Confession - I’m a marketer who finds the vast majority of webinars boring. In fact, I’ve been the host on webinars that I’ve tuned out for.During the webinars that I do attend, I typically leave before it ends because I didn’t learn anything new and I felt like my time was wasted. I’m a fairly respectable marketer who has managed countless webinars, but I can’t pay attention to one?
My hot take: “Zoom fatigue”, though real, is a common excuse we as marketers are using today to mask the lack of creativity that's infused in virtual events. And people are taking a stand — registration numbers, attendance rates, and engagement levels are decreasing in the remote era. Audience participants have been burned and are making justifications for why they can’t attend such as:
The content wasn’t compelling
I have too many other meetings and projects that need me
People are counting on me for deliverables
I’m burnt out
Slightly dramatic and potentially offensive marketer question: do we always need to make it a webinar? Can marketers join together and take a stand against boring webinars? But that’s the playbook for virtual “events” we were taught to “break through the noise.” And being creative takes energy and resources that we don’t have.
If I put on my sales hat, I’ve seen the best SDRs throw the playbook out the window and do what it takes to capture the attention of a busy buyer. There are too many distractions in today’s world and we must find a way to engage differently.
That being said, on Day 1 of working at Postal, I learned my team had 36 days to bring a new product to market and we knew we had to get creative if we wanted to make a big splash.
Get 1,000 people registered and 500 live attendees to a launch event no one has ever heard of. With a current industry virtual attendance rate of 33%, we knew our goal was lofty.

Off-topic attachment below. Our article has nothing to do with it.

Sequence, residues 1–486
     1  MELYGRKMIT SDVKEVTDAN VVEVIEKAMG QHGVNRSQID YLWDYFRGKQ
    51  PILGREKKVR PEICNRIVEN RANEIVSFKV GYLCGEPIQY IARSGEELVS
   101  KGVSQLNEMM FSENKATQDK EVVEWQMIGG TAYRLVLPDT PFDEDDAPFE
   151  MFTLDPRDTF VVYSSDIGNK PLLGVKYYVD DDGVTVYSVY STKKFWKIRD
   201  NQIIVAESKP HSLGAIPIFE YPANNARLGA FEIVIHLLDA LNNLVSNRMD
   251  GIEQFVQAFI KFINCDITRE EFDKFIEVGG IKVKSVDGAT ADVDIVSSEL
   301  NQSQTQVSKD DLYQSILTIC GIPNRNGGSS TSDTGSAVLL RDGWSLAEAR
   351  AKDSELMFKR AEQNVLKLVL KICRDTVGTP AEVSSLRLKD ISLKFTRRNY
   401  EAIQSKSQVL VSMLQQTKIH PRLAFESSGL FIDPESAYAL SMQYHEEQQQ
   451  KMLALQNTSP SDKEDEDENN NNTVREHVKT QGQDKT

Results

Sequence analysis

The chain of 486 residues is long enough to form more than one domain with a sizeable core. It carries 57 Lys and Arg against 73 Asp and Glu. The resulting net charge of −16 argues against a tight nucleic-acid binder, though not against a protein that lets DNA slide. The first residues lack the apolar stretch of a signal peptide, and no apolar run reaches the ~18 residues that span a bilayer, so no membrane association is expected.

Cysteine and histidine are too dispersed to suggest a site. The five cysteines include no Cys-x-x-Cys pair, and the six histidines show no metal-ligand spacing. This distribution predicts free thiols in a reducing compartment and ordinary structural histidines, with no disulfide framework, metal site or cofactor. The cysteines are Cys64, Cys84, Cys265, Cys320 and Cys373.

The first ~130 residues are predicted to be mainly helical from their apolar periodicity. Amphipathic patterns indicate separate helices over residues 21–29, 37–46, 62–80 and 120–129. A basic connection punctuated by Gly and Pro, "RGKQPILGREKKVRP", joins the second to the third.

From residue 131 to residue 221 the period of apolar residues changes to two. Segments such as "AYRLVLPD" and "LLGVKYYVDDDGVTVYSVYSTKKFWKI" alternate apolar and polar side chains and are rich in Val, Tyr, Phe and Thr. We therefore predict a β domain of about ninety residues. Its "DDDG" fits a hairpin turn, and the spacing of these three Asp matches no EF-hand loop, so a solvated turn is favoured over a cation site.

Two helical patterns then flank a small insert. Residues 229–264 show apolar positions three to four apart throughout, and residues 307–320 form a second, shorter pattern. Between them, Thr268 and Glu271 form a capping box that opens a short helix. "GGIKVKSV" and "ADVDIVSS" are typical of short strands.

Virtual events with unique live components will increase registration
Tangible components that accompany virtual events will increase attendance and live engagement
Engaging the participants in the chat will keep them from context switching
Need organic (aka free) virality to drive the registrations we needed
The Launch Event
In lieu of a traditional webinar, we knew we needed to think outside the box. We needed to deliver an event no one has experienced before, drawing people in and providing entertainment that will not only hold the audience’s attention, but leave a lasting impression. At the same time, we couldn't attract an irrelevant audience to our event, so ensuring the talent or topic was not completely out of left field.
The event: Live Sales vs. Marketing Roast Feat. Second City Comedy
Swag or kits that compliment any sort of event, can be huge drivers of engagement and attendance. In fact, we've seen close to 75% attendance rates for virtual experiences that include an event kit. For our roast, we sent the first 500 registrants this package (pictured below). Not only did it encourage early registration, but the response we got on social media was incredible — dozens of people ended up sharing their kits on social media which created excitement and visibility on the event, driving even more attendance.